Discussion #4753

Every Body is Beautiful


In this discussion, Kyria Sabin, Diane Severino, Deborah Mendoza, and David McMahan share stories about the first time they met Ron Fletcher. They talk about the creation of his book, Every Body is Beautiful and what makes it relevant today. They also share the plans for the book to be republished as well as the new additions that will be included in it.
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Nov 24, 2021
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I wanna tell you how I met Ron Fletcher. 1973, I was a dancer, a professional dancer in Los Angeles. Moved from New York. And one of the students in my class, when I was trying to expand my dance classes said that there was a dance studio above her beauty parlor, which was, I eat a gray. So I got myself in business attire, my resume, and my little attest shake case and walked up those famous steps on Rodeo Drive in Wilshire.

And I looked around and it was it's a Pilates studio? Never took Pilates before. Ron was there we started to talk, showed him my resume and it was like, he had three quarters of my dance teachers were his dance teachers. Of course he was a New York city dancer. I had heard about him because he did the ice, the Follies, the Ice Capades.

And he was also in Vegas with his dancers. So I knew about his dance background, but I didn't know this was his Pilates studio, Ron Fletcher Studio for Body Contr ology, what a name. So we hung out and started to talk about all our dancers, had a great time. Well over an hour, I get in my car and drive back to my house in the valley, San Fernando Valley. And Ron calls me and he said, Diane, I don't know what I was thinking about when we met today, how lovely to see you.

You know, how articulate Ron can be. He said, would you like to learn the work? And I was like, yeah. Next day I showed up and I started to learn the work on Ron Fletcher. Now I was always a dance teacher.

I started teaching when I was 14 on scholarship. So I was able to absorb the work and I started teaching four days later. You can't do that anymore. Do not try this at home or in your studios. You must study with the Ron Fletcher company now.

But back in the day, that's how I met Ron. That started me on my career, and that put me on the path to work with him, on his book Everybody is Beautiful. Thanks Ron. So the first time I met Ron was at a workshop that he was teaching. I had been just started working with Kyria earlier that year.

And we had just opened the first commercial space for Pilates in Tucson and Kyria had invited Ron to teach a workshop. So he came and it was a wonderful experience, being fairly young at the time and quite the introvert that I am I definitely hung back towards the back of the room. And I liked to stay at the back of the room as much as possible. Slowly over time, Ron coaxed me forward. And that's one of the things I loved about Ron, he had such a gentleness to really speaking to who you were, and knowing how he could connect with the person in the room, and each person in the room differently.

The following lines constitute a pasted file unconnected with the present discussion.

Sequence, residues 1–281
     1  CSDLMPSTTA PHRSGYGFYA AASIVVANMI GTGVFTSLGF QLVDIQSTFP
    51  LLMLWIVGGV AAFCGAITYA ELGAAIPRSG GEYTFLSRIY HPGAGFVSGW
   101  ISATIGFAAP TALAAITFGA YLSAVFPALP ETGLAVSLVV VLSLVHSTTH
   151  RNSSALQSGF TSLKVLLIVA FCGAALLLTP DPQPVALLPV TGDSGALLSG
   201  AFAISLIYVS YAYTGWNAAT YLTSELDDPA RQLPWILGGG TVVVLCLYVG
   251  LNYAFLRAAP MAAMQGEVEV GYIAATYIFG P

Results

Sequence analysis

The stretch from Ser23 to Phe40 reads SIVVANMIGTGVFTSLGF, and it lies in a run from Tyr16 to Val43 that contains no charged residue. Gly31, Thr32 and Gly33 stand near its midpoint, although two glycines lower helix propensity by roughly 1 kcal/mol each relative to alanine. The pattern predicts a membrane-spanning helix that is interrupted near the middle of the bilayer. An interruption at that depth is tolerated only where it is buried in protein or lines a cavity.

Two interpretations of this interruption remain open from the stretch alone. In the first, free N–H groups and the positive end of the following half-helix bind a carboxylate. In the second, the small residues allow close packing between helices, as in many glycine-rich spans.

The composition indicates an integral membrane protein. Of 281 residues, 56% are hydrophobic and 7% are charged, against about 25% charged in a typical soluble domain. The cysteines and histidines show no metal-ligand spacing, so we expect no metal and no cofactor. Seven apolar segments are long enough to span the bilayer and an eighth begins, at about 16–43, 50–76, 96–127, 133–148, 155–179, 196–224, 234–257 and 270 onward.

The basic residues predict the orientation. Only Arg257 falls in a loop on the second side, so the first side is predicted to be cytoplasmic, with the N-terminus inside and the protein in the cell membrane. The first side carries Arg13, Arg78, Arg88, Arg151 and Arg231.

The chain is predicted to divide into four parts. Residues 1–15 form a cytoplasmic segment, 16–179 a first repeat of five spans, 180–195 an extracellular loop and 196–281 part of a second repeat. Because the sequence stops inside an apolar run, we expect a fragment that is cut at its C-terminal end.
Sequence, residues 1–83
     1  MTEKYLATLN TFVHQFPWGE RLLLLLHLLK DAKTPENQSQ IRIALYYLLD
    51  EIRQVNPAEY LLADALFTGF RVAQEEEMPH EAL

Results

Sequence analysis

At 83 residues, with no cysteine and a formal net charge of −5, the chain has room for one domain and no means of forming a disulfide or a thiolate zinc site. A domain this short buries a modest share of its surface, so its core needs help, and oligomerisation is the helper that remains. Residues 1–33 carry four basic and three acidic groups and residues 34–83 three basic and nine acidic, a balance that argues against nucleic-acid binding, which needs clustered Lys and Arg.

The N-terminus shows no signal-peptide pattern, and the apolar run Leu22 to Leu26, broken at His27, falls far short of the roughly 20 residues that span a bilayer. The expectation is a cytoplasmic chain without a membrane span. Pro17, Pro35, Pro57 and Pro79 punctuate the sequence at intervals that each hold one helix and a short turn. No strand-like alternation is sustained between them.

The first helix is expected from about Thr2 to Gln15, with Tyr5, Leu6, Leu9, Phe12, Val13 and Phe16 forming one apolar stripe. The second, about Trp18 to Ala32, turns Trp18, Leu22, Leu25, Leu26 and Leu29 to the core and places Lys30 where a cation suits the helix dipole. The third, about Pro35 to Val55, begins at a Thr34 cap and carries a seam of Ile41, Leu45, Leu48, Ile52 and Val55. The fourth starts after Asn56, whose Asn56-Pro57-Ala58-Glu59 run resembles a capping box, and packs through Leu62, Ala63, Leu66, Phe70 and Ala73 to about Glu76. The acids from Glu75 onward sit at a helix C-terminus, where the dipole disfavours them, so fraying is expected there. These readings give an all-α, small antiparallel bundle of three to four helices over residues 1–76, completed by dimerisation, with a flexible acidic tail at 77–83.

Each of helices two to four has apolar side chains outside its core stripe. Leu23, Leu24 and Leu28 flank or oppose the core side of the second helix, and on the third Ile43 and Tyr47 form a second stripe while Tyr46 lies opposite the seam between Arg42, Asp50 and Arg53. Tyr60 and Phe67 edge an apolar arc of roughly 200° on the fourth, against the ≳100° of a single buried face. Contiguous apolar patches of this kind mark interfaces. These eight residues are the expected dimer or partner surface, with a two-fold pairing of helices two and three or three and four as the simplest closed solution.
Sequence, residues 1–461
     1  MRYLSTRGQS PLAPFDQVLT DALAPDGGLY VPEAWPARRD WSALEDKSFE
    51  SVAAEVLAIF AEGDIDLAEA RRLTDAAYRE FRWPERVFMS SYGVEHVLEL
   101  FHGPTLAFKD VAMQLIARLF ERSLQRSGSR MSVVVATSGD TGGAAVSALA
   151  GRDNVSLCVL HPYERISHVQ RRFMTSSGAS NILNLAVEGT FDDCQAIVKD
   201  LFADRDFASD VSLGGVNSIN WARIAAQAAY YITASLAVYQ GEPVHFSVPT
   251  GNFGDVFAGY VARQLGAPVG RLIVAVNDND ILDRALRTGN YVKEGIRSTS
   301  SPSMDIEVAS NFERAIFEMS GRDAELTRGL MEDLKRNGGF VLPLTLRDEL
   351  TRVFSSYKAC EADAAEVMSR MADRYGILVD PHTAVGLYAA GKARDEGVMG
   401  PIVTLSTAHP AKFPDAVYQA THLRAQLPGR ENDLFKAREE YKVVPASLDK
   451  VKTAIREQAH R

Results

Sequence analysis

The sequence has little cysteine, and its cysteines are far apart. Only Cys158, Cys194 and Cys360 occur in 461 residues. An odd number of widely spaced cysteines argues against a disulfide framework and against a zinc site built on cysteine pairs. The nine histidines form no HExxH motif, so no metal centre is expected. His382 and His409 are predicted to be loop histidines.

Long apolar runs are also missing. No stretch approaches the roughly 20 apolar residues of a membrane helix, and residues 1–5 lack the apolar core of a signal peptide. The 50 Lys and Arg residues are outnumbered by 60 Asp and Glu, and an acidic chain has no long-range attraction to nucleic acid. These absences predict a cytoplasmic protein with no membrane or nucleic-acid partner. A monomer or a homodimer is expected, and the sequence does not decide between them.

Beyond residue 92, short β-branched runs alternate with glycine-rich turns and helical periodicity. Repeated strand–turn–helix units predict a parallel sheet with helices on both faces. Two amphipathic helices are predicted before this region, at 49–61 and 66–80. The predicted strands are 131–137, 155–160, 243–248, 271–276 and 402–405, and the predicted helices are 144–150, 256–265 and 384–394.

Some people he really pushed, others like me he took his time with, and slowly kind of brought us into our own. And I loved that about him. It was really heartwarming to know that he could see each of our different personalities in the room and challenge us in each of the ways that we needed it. I first met Ron back when I was a student at the University of Arizona. Actually in curious class, Ron was in town teaching a workshop at Body works Pilates And he came down to the university.

And up to that point, I remember having learned the basic mat work, and basic single leg circles in the mat work. And it being very set that the pelvis is stable, the body is stabilized while the leg moves. And I remember Ron, just starting to watch from the side of the room, not saying anything, and eventually he couldn't help himself anymore and proceeded to come out and will really move the leg and move it to the floor, reach it down, find that full range of motion in the more advanced legs leg, circle variation, and him bringing that from the purpose of you should work for that as a potential that you're going from that movement. And that was something that just always stayed with me with Ron. It was you're building for that move of potential.

First, you find your basis and then you have somewhere to grow from there. I went to Ron clutter's studio in Los Angeles for two years before I actually met him. I studied with the lovely Diane Severino and it became my home away from home. I went to the studio every day and Saturday morning class with Diane. And I thought, if I'm going to this gentlemen studio, I should actually know who he is and meet him.

And so he was teaching a workshop in Denver and I decided to go to the workshop in Denver with a lot of trepidation because he had a huge reputation. And so I showed up at this workshop in Denver and it was a three-day workshop. The second day of the workshop, he called me into the studio office and he said, would you come speak with me? And I thought, oh. (laughing) He's gonna send me home.

He's gonna kick me out of the workshop. I don't know what I don't know. And he said, have you ever considered teaching as work? And it was a seminal moment in my life because I was planning to go to law school. I had no intention to teach Pilates much less Fletcher Pilates.

And I remember that moment as one of the key moments of my life. And he really took me under his wing at that point, he was established, said he was very loving. He really took his time to understand each student and why they were there. And he became father figure to me and a grandfather figure to me. And he really became my mentor and my friend.

And that's how I met Ron Fletcher. He was an inspiring teacher, a loving friend, a demanding personality in my life and a key person to this day. In the 1970s, I was Ron studio manager. Studio was doing very well. We had a lot of publicity, not only in Los Angeles, but nationally, as you know, we had many movie stars come to us.